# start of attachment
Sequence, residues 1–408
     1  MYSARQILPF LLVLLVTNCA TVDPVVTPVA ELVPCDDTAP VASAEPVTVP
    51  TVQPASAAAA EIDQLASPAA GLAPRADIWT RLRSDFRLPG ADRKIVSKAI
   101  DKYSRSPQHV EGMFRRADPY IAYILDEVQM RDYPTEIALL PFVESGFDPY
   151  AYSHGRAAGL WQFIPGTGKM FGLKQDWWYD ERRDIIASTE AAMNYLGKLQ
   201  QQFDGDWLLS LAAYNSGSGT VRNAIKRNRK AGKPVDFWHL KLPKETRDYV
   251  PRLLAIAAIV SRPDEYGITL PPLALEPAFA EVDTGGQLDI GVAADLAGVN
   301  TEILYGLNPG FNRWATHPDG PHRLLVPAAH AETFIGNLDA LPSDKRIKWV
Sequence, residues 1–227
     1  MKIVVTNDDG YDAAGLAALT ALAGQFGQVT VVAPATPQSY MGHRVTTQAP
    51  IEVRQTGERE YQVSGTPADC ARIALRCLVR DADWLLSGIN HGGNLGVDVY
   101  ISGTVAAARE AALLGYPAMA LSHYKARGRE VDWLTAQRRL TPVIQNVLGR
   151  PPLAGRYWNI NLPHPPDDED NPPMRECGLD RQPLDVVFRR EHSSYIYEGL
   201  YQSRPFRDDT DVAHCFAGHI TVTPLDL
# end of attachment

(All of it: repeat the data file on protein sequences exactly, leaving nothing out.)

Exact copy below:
Sequence, residues 1–408
     1  MYSARQILPF LLVLLVTNCA TVDPVVTPVA ELVPCDDTAP VASAEPVTVP
    51  TVQPASAAAA EIDQLASPAA GLAPRADIWT RLRSDFRLPG ADRKIVSKAI
   101  DKYSRSPQHV EGMFRRADPY IAYILDEVQM RDYPTEIALL PFVESGFDPY
   151  AYSHGRAAGL WQFIPGTGKM FGLKQDWWYD ERRDIIASTE AAMNYLGKLQ
   201  QQFDGDWLLS LAAYNSGSGT VRNAIKRNRK AGKPVDFWHL KLPKETRDYV
   251  PRLLAIAAIV SRPDEYGITL PPLALEPAFA EVDTGGQLDI GVAADLAGVN
   301  TEILYGLNPG FNRWATHPDG PHRLLVPAAH AETFIGNLDA LPSDKRIKWV
Sequence, residues 1–227
     1  MKIVVTNDDG YDAAGLAALT ALAGQFGQVT VVAPATPQSY MGHRVTTQAP
    51  IEVRQTGERE YQVSGTPADC ARIALRCLVR DADWLLSGIN HGGNLGVDVY
   101  ISGTVAAARE AALLGYPAMA LSHYKARGRE VDWLTAQRRL TPVIQNVLGR
   151  PPLAGRYWNI NLPHPPDDED NPPMRECGLD RQPLDVVFRR EHSSYIYEGL
   201  YQSRPFRDDT DVAHCFAGHI TVTPLDL